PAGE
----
The availability of cheaply-priced seats might cannibalize one's market for premium seats, as fans may purchase the cheapest seats available and attempt to 'upgrade' them later. Although such strategies can be countered by hiring ushers or creating firewalls between different parts of the stadium, this may make the ballpark experience less pleasant for fans going to and from their legitimately-purchased seats.
Teams are increasingly able to reap the benefits of price discrimination by introducing tiered pricing schemes, and by participating in the resale market through partners like StubHub. Therefore, they can recoup some of the loss stemming from excess demand by charging higher effective ticket prices, without having to bear the negative public relations impact of higher face values.
There are some marginal costs associated with each additional fan that attends the game, such as security and janitorial services. The price of such services is trivial in comparison to premium seats that are booked at $50 or $100 each, but become more tangible as compared to the cheap seats.
In addition, higher seating capacities can create additional congestion both in and around the ballpark, making the experience less pleasurable for all those that attend. Indeed, some existing stadiums are not especially well equipped to handle a capacity crowd. Wrigley Field's bathrooms can require an inning-long trip once everyone has had their fill of Old Style, and it can take 15-20 minutes to exit the ballpark from the upper deck.
Larger seating capacities may require a larger ballpark footprint, and therefore higher rents or land-purchase prices.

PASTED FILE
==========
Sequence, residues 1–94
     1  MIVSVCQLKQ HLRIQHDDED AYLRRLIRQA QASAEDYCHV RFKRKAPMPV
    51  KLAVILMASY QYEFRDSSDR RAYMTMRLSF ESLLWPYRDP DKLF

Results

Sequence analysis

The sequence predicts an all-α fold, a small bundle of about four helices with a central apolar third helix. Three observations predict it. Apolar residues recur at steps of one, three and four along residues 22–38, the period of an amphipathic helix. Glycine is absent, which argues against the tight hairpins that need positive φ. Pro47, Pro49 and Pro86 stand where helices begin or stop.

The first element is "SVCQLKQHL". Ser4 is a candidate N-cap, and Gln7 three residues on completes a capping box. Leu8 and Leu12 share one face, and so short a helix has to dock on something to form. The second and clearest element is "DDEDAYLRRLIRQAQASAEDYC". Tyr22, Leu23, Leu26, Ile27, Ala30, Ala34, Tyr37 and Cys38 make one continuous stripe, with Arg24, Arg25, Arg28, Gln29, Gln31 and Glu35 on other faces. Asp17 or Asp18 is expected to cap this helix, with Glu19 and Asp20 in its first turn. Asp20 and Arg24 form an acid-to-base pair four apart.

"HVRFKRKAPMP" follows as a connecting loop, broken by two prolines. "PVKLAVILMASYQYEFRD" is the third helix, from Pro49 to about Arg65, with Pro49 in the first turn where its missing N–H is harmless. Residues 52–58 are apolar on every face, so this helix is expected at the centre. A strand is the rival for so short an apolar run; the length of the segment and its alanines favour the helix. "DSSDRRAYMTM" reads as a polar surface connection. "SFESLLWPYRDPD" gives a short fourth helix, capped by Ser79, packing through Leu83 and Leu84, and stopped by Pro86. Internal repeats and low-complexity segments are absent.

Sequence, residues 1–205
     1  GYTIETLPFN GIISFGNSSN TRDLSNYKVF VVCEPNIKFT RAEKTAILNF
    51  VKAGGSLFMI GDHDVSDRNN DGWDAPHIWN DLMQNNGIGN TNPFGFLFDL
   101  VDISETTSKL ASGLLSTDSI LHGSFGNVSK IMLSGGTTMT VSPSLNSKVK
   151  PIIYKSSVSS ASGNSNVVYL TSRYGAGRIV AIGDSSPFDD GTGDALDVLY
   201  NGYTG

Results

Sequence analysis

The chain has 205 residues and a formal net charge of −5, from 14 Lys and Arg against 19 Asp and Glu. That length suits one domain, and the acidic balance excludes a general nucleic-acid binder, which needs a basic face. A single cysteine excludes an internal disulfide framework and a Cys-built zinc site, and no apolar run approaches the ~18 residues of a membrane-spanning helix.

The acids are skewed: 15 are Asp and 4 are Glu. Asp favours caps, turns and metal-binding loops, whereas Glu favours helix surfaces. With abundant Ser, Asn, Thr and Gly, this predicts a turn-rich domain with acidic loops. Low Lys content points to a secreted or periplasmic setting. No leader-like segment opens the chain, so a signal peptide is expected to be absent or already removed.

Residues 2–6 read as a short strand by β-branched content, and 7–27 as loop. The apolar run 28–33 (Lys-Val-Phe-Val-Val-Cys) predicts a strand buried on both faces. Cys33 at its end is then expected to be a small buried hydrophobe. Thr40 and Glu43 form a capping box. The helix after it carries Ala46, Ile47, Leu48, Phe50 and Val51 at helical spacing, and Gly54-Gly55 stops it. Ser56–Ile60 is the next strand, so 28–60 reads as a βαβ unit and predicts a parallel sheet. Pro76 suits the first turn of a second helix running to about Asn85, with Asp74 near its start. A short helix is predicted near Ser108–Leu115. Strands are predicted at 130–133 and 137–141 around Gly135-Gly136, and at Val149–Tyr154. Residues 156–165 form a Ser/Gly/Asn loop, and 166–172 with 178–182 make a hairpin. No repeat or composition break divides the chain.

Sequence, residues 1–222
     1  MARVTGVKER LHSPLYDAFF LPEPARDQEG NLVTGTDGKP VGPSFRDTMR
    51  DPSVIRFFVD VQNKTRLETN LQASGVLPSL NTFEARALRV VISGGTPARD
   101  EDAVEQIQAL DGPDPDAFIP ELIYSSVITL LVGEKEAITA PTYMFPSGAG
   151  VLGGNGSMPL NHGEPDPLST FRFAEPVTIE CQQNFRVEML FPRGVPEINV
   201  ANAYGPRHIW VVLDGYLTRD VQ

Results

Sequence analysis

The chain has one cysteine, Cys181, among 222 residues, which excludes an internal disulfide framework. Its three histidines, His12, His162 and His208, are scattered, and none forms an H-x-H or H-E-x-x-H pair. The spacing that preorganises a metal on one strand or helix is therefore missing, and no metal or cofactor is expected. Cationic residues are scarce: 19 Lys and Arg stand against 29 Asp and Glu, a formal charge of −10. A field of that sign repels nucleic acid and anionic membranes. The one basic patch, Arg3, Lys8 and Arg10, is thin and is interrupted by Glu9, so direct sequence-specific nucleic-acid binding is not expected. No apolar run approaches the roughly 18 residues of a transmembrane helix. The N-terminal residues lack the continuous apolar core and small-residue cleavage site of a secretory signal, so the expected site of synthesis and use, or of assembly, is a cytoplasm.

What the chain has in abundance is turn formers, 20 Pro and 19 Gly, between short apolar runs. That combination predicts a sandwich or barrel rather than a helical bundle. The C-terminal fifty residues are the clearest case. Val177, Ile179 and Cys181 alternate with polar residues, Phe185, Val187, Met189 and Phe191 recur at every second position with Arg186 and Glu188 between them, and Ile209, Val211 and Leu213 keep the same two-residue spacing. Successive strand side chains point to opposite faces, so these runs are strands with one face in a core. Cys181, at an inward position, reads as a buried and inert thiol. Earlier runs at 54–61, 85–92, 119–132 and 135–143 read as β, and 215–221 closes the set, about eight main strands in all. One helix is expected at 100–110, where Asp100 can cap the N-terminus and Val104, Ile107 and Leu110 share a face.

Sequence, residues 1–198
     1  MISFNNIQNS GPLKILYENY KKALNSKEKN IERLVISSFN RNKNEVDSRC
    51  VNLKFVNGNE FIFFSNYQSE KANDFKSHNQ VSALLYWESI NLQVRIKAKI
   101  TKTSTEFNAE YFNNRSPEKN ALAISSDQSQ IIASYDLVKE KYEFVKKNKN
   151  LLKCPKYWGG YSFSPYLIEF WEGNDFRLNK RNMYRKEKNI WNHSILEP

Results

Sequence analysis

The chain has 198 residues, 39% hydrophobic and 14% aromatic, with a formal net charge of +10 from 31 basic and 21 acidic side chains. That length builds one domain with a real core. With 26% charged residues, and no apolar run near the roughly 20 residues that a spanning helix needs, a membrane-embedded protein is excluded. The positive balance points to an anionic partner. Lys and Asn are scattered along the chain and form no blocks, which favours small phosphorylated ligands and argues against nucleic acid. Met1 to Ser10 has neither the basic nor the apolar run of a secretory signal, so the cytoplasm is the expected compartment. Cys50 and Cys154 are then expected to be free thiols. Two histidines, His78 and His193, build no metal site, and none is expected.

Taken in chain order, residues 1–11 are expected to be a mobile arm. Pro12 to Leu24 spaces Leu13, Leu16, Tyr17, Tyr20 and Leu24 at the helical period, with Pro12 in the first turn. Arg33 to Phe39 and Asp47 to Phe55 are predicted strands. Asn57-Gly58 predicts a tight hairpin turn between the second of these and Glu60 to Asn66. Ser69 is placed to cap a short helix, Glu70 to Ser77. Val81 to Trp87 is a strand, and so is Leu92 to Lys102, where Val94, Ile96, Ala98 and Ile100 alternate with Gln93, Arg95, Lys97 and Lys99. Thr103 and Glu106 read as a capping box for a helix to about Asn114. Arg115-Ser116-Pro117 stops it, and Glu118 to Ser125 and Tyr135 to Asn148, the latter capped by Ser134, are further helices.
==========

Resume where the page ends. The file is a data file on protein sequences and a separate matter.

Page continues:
The easiest place to add seats is usually in the outfield, but this may impair aesthetics by blocking views of city skylines or natural landmarks.
Stadiums with empty seats look less attractive on television?the importance of which should not be understated.
In addition, stadiums with empty seats may create a less intimate experience for people at the ballpark, thereby potentially reducing demand. Baseball tickets may be what is known as a "mob good", in which there are mutually-reinforcing, positive externalities conveyed by crowd behavior. To limit the number of seats is arguably to select out the most intense and passionate fans, who are (within certain boundaries) good fans to have sitting around you.
Limiting the supply of tickets may create a greater endowment effect (basically, a sense of ownership) for those fans who do hold seats, thereby increasing the amount of repeat business and encouraging fans to purchase season tickets.
After having articulated all of this, you might conclude that I think teams like the Mets are making the right economic decision by substantially reducing their seating capacities, but I do not. I think it may be the right near-term decision, but I do not know that it is the right long-run decision. By limiting their number of seats, a large fraction of which will be occupied by season ticket holders, corporate clients, or fans that are wealthy enough to pay above-face prices to scalpers and brokers, teams risk shutting out a large fraction of their fan bases from the ballpark experience.